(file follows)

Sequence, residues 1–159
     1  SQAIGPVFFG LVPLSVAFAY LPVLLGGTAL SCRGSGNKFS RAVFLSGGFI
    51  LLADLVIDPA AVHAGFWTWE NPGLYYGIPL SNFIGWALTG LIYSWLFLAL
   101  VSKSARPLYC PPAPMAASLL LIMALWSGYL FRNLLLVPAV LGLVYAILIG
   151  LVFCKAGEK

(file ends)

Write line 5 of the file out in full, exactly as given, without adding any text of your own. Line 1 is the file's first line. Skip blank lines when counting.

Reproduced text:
   151  LVFCKAGEK